Thursday, July 31, 2008

Venerating Saints

I have been told that, by definition, worship is not given to saints in the RCC. It was easy, according to the RC apologists, to tell if worship was being given to a saint's relics or not--or even to a saint, or the Mother of God. If there is no sacrifice, no worship is given. That was actually a pretty good argument, because they are not beholden to a prot view of what worship is. No matter how similar the actions looked, or how similar the words sound to worship they could simply point to their doctrine that if one is not sacrificing, one is not worshiping; hence by definition saints are not worshiped.


I recently came across these two verses of Scripture in another discussion forum:

Ephes 5:5 For of this you can be sure: No immoral, impure or greedy person—such a man is an idolater—has any inheritance in the kingdom of Christ and of God.

Col 3:5Put to death, therefore, whatever belongs to your earthly nature: sexual immorality, impurity, lust, evil desires and greed, which is idolatry.

While there may be a plausible explanation offered to explain why St. Paul is not really speaking about worship, I don't see it. I think it looks like the fine distinctions used to say that the saints are never worshiped in e.g. venerating bones is beginning to break down. The citations above show what amounts to "non-sacrificial worship", which should be a contradiction in terms, given the typical RC distinction made. The highlighted terms used in the passages cited above are EIDOLOLATRIS and EIDOLOLATREIA respectively, so St. Paul is plainly speaking abut worship, which is latreia. Maybe they could say that proper veneration of the saints is never latreia but proper dulia, but they cannot simply rule idolatry out of court simply because by nature nothing is latreia without a sacrifice. This means a lot more weight is given to what people actually say and do as opposed to a sort of objective yardstick to determine if worship is given.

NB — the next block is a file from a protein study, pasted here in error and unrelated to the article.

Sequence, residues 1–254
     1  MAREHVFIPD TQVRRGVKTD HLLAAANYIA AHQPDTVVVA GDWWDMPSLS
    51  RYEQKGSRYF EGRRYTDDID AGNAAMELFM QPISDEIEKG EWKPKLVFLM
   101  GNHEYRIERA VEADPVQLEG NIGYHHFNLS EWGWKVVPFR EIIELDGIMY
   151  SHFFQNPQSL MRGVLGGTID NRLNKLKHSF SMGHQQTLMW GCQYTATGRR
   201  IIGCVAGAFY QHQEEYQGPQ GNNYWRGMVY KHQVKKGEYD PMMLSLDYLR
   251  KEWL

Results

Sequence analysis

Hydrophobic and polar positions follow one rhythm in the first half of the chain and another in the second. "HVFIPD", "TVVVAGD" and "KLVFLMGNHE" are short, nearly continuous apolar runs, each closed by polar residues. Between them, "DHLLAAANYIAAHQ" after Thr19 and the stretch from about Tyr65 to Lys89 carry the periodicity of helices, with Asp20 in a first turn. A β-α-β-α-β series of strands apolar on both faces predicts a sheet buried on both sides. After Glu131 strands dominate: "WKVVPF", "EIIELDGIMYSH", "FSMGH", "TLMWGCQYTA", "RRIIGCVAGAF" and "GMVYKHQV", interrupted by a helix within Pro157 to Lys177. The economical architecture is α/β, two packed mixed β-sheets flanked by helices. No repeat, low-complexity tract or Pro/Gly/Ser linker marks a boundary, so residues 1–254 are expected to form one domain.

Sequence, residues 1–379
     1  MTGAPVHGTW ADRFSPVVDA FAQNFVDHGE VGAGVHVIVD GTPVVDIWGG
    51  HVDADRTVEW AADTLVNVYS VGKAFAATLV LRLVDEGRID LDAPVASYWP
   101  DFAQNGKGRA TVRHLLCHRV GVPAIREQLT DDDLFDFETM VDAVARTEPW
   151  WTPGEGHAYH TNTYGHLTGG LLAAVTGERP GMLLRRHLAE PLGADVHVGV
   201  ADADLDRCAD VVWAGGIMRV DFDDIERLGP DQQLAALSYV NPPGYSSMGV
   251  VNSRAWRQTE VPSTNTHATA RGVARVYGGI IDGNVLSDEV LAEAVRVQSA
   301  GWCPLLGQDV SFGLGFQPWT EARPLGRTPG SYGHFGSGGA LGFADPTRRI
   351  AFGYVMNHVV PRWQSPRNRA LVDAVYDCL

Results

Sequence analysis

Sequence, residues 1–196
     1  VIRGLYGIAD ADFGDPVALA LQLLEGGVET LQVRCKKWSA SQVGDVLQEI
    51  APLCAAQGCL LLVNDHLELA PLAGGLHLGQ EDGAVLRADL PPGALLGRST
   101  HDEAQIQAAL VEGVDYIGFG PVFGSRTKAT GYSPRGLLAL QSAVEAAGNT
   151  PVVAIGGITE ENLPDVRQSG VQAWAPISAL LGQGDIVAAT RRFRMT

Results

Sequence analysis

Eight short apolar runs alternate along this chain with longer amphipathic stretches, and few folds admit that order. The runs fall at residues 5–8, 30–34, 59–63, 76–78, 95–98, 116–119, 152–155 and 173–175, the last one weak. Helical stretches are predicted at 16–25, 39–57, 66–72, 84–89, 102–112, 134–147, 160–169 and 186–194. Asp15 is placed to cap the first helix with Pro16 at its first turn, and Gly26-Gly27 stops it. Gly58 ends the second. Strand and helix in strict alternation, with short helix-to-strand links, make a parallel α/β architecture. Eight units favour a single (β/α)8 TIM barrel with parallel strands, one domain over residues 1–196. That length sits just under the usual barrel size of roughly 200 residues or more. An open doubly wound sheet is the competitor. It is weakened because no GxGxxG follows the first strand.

The distinction seems to a notion one keeps in one's head because St. Paul blatantly called actions without sacrifice worship, and I think he has a lot of authority. And as we all know, it is very easy for us to rationalize what we think we are doing even if we are doing something wrong. That is why the "kinetic" and material parts of worship are important. One could think one has the proper distinction in one's head, but in reality one is actually giving idolatrous worship to something made with hands and is deceived because of what one does. If the definition or worship is more "kinetic" such that it by definition rules out a given set of acts actually being worship, this is not nearly as much of an issue. Absent the "kinetic" bulwark though, traditional prot critiques of e.g. bone venerating have a lot more force. It can be very easy to become an idolater--especially when the actions of adoration of an icon look so similar to worship.


Chris Jones said...

It was easy, according to the RC apologists, to tell if worship was being given ... if there is no sacrifice, no worship is given.

I don't buy this, any more than I did when you posted a similar comment last April. I do not think any well-informed Roman Catholic apologist would make this facile equation of adoration with sacrifice.

In my comment on the April post I used the adoration of the Blessed Sacrament as an example of non-sacrificial adoration; an even better example (because it is a form of worship common to both Catholics and non-Catholics) is the recitation of the Divine Office. At Matins, we sing the Te Deum, which is precisely a hymn of adoration to the Holy Trinity; and we sing the Venite from the Psalter, which is surely a psalm of adoration. But neither Matins nor any of the daily offices is a sacrificial service. Are we to believe that because no sacrifice is made at Matins and Vespers that adoration of almighty God is not taking place? Even on purely Roman Catholic terms, the argument is silly.